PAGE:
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Windows 10 Upgrade: Top Issues and How to Fix Them

( [email protected] ) Aug 04, 2015 08:55 PM EDT
Windows 10 is in many ways a worthy successor to the much-beloved Windows 7. Still, Windows 10 users have begun reporting the inevitable issues that surface with every new software launch.

Windows 10 is in many ways a worthy successor to the much-beloved Windows 7. In contrast, Windows 8 is a nightmare that Microsoft is quietly pushing under the rug. Still, Windows 10 users have begun reporting the inevitable issues that surface with every new software launch. In this article, we will explore some of those problems as well as ways to address them.

Microsoft May Steal User's Bandwidth

Dubbed "Windows Update Delivery Optimization," or WUDO, this default function allows Microsoft to convert devices into a peer-to-peer node. This saves Microsoft a ton of money, but will significantly slow down the user's bandwidth.

Go to Settings, and select Update & Security. Under Windows update, click advanced options. In Advanced options, select the "Notify to Schedule Restart" in the drop down menu under "Choose How Updates are Installed." This prevents Microsoft from forcing updates without the user's permission.

Next, the user needs to turn off the peer-to-peer function. While still in advanced options, click on "choose how updates are delivered." Under "updates from more than one place," slide the toggle off.

Issues with Chrome, and Edge Should Be Avoided

Some Chrome users have reported extreme lagging speed while uploading content and streaming video. The best thing to do is to reinstall Chrome, or wait for an update from Google.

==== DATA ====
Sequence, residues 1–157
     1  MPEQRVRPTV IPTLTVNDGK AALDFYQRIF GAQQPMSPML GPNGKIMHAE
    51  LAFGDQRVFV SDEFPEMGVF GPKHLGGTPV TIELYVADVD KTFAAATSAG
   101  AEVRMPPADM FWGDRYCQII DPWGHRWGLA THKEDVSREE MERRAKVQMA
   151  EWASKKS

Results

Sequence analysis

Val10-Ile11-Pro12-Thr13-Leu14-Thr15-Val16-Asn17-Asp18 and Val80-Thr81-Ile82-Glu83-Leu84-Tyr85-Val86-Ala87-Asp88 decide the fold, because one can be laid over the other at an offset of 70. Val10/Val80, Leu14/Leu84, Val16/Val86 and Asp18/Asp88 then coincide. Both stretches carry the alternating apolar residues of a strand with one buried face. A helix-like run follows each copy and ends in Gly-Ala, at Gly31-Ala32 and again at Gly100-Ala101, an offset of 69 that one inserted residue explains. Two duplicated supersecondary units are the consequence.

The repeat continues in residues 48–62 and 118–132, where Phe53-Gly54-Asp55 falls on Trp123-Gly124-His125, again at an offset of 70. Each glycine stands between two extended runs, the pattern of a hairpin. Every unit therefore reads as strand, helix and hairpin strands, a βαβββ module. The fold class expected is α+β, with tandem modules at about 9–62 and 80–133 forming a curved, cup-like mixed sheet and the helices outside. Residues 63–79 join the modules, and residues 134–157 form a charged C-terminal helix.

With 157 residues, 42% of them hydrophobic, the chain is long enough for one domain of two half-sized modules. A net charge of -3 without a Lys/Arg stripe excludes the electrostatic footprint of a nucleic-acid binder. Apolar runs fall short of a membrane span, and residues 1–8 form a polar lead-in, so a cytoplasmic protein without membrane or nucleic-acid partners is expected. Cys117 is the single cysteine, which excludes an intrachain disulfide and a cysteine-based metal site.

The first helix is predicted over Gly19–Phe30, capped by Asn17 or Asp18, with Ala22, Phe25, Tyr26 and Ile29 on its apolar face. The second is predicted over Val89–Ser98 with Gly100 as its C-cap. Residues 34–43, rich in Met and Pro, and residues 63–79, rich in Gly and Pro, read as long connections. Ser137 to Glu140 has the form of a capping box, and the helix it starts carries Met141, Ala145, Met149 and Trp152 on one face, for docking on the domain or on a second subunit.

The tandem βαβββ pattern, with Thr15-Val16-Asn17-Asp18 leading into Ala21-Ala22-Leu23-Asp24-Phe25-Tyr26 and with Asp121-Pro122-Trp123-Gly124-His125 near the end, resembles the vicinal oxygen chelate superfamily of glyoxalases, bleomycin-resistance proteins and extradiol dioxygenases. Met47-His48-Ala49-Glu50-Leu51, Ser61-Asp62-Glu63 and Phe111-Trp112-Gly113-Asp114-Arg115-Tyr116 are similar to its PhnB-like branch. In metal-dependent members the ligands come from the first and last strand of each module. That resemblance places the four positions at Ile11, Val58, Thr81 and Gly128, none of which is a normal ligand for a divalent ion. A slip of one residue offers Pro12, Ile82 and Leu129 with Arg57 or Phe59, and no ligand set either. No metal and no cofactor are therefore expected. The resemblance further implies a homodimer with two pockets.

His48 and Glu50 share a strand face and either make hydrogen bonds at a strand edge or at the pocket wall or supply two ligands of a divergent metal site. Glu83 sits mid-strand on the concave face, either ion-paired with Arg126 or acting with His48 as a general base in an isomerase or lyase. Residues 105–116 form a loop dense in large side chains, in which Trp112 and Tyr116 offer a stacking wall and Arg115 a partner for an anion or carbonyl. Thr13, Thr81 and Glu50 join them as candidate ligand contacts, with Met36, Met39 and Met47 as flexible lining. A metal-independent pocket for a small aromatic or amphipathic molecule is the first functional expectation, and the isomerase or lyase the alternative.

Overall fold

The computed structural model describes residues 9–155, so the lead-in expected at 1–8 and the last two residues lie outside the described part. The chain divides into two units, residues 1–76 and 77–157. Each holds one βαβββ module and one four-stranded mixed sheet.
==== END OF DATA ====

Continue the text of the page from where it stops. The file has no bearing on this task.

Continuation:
Those who value privacy may need to consider holding back on Edge. While this browser is an improvement over Internet Explorer, Microsoft can still disclose private date on a whim. This information is likely to be sent to advertisers, who will get a better picture of the user's browsing activities. Regarding privacy, a better alternative to Edge is Mozilla's Firefox.

User Privacy Takes a Big Hit

By default, Windows 10 allows the monitoring of the users activity and data. Luckily, users can still limit Microsoft's access if they are careful during the installing process.

First and foremost, do not use Windows 10's "express install" defaults during installation. Toggle the "custom install" option instead. Users are recommended to toggle most of the functions in custom settings off.

After Windows 10 is installed, go to the Start Menu. Select Settings, and choose Privacy. Next, go to Feedback and Diagnostics. Once there, toggle "Windows should ask for my feedback" to never. Also, toggle "Send your device data to Microsoft" to basic.

Once finished, keep the Privacy window open. Go to Account info to turn off "let apps access, my name, picture, and other account info." Next Microsoft will ask users to create a "Microsoft account." Users should instead create a local account and use an email account such as Gmail. Other emails are fine if they are separate from Microsoft.